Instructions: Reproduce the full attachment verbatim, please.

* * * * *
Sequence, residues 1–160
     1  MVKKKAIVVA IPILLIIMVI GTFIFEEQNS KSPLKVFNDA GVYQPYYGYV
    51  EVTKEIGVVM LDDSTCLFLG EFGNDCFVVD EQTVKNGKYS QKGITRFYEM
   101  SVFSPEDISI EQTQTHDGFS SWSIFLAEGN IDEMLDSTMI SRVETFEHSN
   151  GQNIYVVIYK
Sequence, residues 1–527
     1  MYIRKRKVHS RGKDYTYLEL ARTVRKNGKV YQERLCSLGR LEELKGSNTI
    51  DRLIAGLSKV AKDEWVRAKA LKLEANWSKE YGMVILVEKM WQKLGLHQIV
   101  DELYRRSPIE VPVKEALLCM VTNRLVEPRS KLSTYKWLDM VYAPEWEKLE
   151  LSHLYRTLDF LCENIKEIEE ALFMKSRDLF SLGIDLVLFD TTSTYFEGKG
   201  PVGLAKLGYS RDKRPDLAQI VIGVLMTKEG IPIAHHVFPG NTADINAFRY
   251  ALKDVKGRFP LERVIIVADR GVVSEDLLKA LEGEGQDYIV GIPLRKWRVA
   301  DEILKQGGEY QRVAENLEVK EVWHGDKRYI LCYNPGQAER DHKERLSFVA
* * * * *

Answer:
Sequence, residues 1–160
     1  MVKKKAIVVA IPILLIIMVI GTFIFEEQNS KSPLKVFNDA GVYQPYYGYV
    51  EVTKEIGVVM LDDSTCLFLG EFGNDCFVVD EQTVKNGKYS QKGITRFYEM
   101  SVFSPEDISI EQTQTHDGFS SWSIFLAEGN IDEMLDSTMI SRVETFEHSN
   151  GQNIYVVIYK
Sequence, residues 1–527
     1  MYIRKRKVHS RGKDYTYLEL ARTVRKNGKV YQERLCSLGR LEELKGSNTI
    51  DRLIAGLSKV AKDEWVRAKA LKLEANWSKE YGMVILVEKM WQKLGLHQIV
   101  DELYRRSPIE VPVKEALLCM VTNRLVEPRS KLSTYKWLDM VYAPEWEKLE
   151  LSHLYRTLDF LCENIKEIEE ALFMKSRDLF SLGIDLVLFD TTSTYFEGKG
   201  PVGLAKLGYS RDKRPDLAQI VIGVLMTKEG IPIAHHVFPG NTADINAFRY
   251  ALKDVKGRFP LERVIIVADR GVVSEDLLKA LEGEGQDYIV GIPLRKWRVA
   301  DEILKQGGEY QRVAENLEVK EVWHGDKRYI LCYNPGQAER DHKERLSFVA